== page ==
Building Silver Star Q&A: Cameron Sorensen

We’re pushing into our 12 month of summer and mountain biking, and all I can think about is where our journey all began.. at Silver Star Mountain.

It was the summer of 2015, Mitch accepted a trail building job at Silver Star instead of going back to work as an engineer. I decided to finish my geology contract up in the NWT early and purchased my very first full-suspension mountain bike at a whopping $3000 (which at the time I thought was super expensive for a brand new bike). From there we packed our bags and moved into an apartment on the mountain. Trail building began mid-May for Mitch and where the majority of his summer work was spent building with a crew and his boss Cameron Sorensen (Feature Pic: @RobbThompson).

After spending a week volunteering with the trail crew, I was able to get an understanding of why he always came back from work so exhausted, talking 24/7 about mountain biking, and how much of an inspiration Cam was to him. It’s been well over 2 years now since we left the mountain and went travelling, however our summer living on Silver Star mountain is probably the main reason why mountain biking has become such a big part of our outdoor lifestyle.

This past summer being back home in Canada, we took a trip out west and spent a few days biking at Silver Star and had the pleasure of catching-up with Cam once again.

Tell us a brief background about yourself.
I’m a trail builder, mountain biker and snowboarder. I started building trail ages ago like most riders and wanting to ride something new. I wasn’t bored of the trails in the North Okanagan, I just wanted more!

Silver Star Mountain hired me to build trail (as I was already doing it anyways) and wanted their mountain bike network to expand. I’ve been to countless workshops and trail care days, which is where I’m always picking up different building techniques. I absolutely love building trail and feel very lucky that I turned it into a career.

Kal Trail day.jpg@Robb Thompson

What sparked your interest in the sport of mountain biking?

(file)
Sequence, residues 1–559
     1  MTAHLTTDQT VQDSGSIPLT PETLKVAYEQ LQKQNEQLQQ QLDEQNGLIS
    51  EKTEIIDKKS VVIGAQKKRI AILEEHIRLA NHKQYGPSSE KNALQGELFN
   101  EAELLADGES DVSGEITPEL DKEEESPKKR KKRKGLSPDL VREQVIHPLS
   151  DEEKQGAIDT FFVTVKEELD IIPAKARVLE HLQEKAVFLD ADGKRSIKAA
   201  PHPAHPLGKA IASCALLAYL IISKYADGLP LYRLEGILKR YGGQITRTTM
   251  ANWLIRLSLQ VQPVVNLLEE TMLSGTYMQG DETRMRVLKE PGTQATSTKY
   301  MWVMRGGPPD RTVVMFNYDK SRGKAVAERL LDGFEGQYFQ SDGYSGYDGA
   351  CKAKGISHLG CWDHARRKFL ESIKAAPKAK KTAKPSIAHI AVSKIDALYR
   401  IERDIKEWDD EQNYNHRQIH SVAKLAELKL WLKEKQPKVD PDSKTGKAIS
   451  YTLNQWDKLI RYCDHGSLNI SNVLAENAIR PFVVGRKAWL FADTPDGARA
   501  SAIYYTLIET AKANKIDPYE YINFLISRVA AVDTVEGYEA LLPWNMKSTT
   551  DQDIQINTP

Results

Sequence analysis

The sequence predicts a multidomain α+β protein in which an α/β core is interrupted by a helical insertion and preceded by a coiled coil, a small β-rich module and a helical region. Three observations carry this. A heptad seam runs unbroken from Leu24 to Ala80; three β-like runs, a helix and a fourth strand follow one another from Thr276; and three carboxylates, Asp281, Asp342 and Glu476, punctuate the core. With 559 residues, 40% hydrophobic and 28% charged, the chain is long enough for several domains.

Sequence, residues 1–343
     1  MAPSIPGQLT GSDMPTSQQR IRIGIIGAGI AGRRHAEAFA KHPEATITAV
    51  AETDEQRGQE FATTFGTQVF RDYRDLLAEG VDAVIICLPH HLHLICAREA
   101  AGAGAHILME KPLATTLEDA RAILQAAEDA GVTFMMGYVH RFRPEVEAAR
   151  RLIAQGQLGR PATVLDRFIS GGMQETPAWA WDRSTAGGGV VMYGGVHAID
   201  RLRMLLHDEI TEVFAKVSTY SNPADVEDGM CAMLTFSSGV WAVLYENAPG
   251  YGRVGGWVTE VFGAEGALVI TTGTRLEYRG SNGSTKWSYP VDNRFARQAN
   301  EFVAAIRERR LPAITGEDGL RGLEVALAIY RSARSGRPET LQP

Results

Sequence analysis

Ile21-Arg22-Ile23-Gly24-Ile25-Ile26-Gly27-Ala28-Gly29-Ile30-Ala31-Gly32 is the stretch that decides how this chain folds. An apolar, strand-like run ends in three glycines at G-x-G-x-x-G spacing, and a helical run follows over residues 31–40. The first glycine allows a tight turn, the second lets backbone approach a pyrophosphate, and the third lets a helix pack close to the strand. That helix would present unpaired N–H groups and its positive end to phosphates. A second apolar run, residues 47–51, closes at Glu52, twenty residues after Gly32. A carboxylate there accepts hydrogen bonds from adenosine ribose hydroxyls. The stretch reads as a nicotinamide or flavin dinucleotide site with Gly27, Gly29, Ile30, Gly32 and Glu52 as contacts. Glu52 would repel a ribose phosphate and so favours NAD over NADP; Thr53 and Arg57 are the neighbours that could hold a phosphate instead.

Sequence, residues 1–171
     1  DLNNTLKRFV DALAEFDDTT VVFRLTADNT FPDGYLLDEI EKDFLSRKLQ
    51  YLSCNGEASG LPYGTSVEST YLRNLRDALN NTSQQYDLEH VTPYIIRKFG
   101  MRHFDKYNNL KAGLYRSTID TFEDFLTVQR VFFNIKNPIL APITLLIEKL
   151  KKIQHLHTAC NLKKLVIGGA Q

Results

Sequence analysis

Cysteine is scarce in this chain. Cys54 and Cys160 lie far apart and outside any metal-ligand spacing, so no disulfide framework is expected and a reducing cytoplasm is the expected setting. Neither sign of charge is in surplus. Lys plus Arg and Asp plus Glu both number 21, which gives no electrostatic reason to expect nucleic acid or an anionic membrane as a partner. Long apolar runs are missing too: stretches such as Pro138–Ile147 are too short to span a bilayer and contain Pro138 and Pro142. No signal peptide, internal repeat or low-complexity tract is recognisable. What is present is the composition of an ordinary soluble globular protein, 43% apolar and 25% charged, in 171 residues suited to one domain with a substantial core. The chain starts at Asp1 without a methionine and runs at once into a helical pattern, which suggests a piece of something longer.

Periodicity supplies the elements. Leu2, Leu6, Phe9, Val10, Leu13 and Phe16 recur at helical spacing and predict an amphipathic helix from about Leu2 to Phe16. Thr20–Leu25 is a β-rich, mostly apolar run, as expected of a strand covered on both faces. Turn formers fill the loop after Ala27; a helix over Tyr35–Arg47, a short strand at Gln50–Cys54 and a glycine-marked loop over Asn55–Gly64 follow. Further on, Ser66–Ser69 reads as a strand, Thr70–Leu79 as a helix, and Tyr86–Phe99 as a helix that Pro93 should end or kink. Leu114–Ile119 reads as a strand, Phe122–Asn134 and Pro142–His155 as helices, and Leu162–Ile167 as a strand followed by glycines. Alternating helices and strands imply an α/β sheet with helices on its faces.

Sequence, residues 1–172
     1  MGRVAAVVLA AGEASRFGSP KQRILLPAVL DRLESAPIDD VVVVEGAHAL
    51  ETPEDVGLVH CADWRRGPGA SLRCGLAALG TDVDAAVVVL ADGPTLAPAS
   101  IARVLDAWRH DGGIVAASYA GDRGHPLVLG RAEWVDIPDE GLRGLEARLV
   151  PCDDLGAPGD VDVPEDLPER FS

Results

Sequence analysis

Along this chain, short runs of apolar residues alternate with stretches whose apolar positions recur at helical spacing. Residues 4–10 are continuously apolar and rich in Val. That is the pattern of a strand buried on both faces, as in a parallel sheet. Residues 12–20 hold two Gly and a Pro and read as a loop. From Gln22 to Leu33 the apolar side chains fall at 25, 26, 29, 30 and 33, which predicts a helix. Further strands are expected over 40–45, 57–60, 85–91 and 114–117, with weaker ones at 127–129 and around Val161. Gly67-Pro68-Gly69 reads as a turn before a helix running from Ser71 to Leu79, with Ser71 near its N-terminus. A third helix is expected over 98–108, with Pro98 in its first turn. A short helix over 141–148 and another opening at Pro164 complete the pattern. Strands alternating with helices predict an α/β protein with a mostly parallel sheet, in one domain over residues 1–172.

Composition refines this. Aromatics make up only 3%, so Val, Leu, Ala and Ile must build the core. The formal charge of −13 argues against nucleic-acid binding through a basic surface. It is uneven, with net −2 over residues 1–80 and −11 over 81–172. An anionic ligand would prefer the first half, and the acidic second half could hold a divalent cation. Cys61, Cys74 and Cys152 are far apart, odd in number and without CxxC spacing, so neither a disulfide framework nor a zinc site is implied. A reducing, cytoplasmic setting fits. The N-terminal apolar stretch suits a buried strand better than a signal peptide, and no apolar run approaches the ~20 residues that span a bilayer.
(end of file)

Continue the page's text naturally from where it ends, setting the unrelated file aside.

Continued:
I started riding for something to do in the off-season from snowboarding. I was a snowboarder first and mountain biker second. It’s flipped now and mountain biking has become my first passion these days. I still look forward to a pow day, but it seems there are fewer and fewer of those during the winter season compared to riding a mountain bike.. every day is a pow day!

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Whip, hipup@Robb Thompson

How did you become involved in the trail building MTB scene, which eventually led you to the role of Bike Park Manager at Silver Star Mountain Resort?
I was building in the area before Silver Star had a full-time paid builder. I was a natural fit, I lived on the mountain and they needed someone that was passionate about building trail and that rode a bike. Up to that point, many of the trails were built for race events like the World Cup held in 1994. But that was a time when mountain biking was on a surge and the sport was evolving. Silver Star was smart to keep up with it and hired a full-time crew. I was on that first crew.

Financially some say the mountain lifestyle is not a sustainable one. What are your thoughts on this?
I think you can make anything financially sustainable. You have to be smart with your money and live to your means. If you like being outside and living this kind of a lifestyle, you adapt. If you want fancy things and fast cars chances are you won’t like digging in the dirt.. so really it’s a good fit for me.

What was the first trail you built on Silver Star and what is your favorite trail?
The first trail was Crack of Dawn. I built it at the crack of dawn before any of the staff came to work. This trail is still around and is now part of the XC network here at Silver Star. I have a few favorites, I can’t pick just one! I had my hand on pretty much every trail on the mountain at some point, so it really depends on my mood. Super Star is always my go to for my warm-up lap. From there it really could be anything.